to China for
June 6, 2002
By Franklin Harris
When he needed inspiration for the "Star Wars" saga, the first place George Lucas looked to was Asian cinema.
Lucas has long acknowledged Japanese director Akira Kurosawa's 1958 masterpiece, "The Hidden Fortress," as an influence on the first "Star Wars" film, and when he began work on the prequel trilogy, he again turned east for ideas.
In particular, he looked to 1993's "Moon Warriors," directed by former "Marital Law" star Sammo Hung and starring two thirds of the "Heroic Trio," Anita Mui and Maggie Cheung. (The final third is Michelle Yeoh of "Crouching Tiger, Hidden Dragon" fame.)
You can see the influence not only on Lucas' stories but also in his action sequences.
As "Star Wars: Episode II — Attack of the Clones" demonstrates, light- saber fights have come a long way since Obi-Wan Kenobi and Darth Vader's relatively genteel duel aboard the Death Star. Yoda's clash with Count Dooku in "Attack of the Clones" has more in common with the frenetic yet intricate swordplay of Hong Kong's wuxia films.
Broadly speaking, there are two sub-genres of Hong Kong martial-arts cinema.
The first, and the best known in America, are kung-fu movies, which became popular here during the '70s, thanks to the star power and skills of Bruce Lee and a young up-and-comer named Jackie Chan.
Kung-fu films may feature spectacular stunts and some wire work, the latter especially in films like Jet Li's "Once Upon a Time in China" series, but they take place, for the most part, in the real world.
Wuxia movies, on the other hand, are Hong Kong's answer to Western sword-and-sorcery epics, with just as firm a literary tradition to back them. Just as modern fantasy cinema begins with either J.R.R. Tolkien or Robert E. Howard, modern wuxia films begin with Chinese fantasy novels first published in the early 1900s.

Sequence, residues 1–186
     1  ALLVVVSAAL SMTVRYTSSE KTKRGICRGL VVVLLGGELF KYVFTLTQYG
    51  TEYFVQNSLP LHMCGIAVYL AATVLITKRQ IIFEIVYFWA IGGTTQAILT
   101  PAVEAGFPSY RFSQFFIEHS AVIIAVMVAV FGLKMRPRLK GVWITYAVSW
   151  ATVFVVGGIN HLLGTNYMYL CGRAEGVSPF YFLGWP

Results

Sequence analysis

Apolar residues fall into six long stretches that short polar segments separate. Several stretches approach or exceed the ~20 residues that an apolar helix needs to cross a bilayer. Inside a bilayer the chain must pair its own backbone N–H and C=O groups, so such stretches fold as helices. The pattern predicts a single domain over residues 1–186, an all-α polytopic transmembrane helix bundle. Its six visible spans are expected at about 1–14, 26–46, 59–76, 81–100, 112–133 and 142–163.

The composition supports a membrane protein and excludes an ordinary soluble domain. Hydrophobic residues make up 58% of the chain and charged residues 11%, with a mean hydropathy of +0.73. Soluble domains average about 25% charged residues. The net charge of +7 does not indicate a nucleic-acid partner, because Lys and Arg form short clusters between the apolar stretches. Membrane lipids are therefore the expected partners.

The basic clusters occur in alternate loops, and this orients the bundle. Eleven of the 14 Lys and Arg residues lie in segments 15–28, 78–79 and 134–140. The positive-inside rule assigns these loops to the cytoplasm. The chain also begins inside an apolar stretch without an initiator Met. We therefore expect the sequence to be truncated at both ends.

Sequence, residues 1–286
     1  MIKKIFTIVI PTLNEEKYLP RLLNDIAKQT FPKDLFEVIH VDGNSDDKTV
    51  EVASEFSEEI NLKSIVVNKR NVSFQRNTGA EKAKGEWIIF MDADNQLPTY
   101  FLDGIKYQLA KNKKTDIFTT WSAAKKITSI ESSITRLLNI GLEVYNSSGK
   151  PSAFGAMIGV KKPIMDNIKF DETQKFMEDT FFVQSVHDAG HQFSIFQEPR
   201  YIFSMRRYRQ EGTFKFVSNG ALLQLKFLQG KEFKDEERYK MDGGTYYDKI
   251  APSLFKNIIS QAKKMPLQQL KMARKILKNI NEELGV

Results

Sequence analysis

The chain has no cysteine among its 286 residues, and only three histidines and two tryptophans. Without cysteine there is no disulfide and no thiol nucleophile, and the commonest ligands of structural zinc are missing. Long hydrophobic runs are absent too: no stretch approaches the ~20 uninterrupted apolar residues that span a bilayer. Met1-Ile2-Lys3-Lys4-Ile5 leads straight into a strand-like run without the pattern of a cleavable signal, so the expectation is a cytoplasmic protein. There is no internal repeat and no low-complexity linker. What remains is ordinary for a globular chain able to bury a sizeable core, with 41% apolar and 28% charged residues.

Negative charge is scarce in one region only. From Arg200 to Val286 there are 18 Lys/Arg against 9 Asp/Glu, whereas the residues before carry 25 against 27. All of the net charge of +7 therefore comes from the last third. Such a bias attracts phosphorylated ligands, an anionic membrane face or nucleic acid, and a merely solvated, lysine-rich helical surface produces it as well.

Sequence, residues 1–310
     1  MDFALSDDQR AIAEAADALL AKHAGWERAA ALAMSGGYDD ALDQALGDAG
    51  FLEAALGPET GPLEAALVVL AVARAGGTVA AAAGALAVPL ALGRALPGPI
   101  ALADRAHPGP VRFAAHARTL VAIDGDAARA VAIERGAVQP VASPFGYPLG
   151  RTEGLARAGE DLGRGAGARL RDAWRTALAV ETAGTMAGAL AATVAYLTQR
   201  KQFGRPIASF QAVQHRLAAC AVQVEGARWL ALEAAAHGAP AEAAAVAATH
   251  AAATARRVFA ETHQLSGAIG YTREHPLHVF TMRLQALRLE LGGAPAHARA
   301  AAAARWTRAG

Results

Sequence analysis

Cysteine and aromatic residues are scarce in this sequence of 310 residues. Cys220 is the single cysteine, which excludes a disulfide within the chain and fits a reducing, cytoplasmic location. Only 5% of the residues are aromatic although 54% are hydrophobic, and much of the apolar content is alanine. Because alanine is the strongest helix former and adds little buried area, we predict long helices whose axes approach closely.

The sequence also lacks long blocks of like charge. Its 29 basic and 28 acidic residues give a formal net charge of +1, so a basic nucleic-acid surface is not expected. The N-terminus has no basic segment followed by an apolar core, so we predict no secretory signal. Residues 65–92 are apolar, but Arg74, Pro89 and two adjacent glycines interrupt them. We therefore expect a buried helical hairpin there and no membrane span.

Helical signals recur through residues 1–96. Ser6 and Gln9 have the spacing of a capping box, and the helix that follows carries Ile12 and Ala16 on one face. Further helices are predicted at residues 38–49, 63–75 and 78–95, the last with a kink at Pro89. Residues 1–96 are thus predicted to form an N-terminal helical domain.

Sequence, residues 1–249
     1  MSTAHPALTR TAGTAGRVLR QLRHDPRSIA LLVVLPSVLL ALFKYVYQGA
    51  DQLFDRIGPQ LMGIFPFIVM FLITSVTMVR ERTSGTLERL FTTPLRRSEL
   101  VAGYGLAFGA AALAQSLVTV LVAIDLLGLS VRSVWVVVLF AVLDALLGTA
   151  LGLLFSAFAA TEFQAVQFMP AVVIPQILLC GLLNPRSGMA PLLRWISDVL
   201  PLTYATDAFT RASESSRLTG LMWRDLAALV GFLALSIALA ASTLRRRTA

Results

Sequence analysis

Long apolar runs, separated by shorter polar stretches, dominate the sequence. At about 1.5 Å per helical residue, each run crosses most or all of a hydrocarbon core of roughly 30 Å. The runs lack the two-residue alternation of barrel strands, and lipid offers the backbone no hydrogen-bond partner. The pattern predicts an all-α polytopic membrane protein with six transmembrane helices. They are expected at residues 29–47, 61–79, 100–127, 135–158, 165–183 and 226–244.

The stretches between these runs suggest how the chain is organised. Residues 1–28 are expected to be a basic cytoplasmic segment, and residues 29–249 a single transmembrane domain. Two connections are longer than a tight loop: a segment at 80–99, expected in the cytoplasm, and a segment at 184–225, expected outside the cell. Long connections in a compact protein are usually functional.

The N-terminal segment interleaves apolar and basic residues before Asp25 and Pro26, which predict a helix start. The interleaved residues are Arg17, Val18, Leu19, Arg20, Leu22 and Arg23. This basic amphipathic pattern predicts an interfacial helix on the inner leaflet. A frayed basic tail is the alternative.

Roughly translated, wuxia means "martial-chivalric," and wuxia stories inevitably revolve around individualistic swordsmen, owing loyalty only to their own honor, who right wrongs as they see them.
Chow Yun Fat's character from "Crouching Tiger, Hidden Dragon," Li Mu Bai, is a classic example of a wuxia-style hero.
Wuxia warriors rely not only on their martial arts skills, but also on psychic powers that we in the West regard as almost magical.
The most obvious supernatural power wuxia heroes possess is the ability to defy gravity. This is called "weightless leaping." In "Crouching Tiger," director Ang Lee depicts his combatants as gliding through the air in almost a ballet, but most Hong Kong filmmakers send their heroes and villains hurtling across the screen.
Wuxia films gave birth to what some fans call "wire fu," because the actors are suspended on wires during the airborne fight sequences.
In a case of circular inspiration, famed Hong Kong director/producer Tsui Hark decided to create a wuxia movie with "Star Wars"-like special effects. The result was 1983's "Zu: Warriors of the Magic Mountain." (Miramax plans to release its sequel, "Zu Warriors," this year.)
"Zu" revived the genre, and led eventually to director Andrew Lau's 1998 breakthrough, "Stormriders."
Combatants in "Stormriders" don't just leap and wave swords around. They hurl energy blasts at one another, control the elements and stop time.
In one over-the-top sequence, a character rips off his own shattered and useless arm so that he can keep fighting.
Wuxia heroes also have total control over their own bodies. In another of Lau's films, "The Duel" (2000), a secret agent is able to force the poison he drinks out of his stomach and spit it into the faces of his enemies.
If the Jedi of the first "Star Wars" trilogy are Force-wielding samurai, then the Jedi of the new trilogy are wuxia warriors in space.
So, while you wait for "Star Wars: Episode III," you might want to check out some of Hong Kong's recent cinematic exports. Because Yoda and Mace Windu only think they're the baddest warriors in the universe.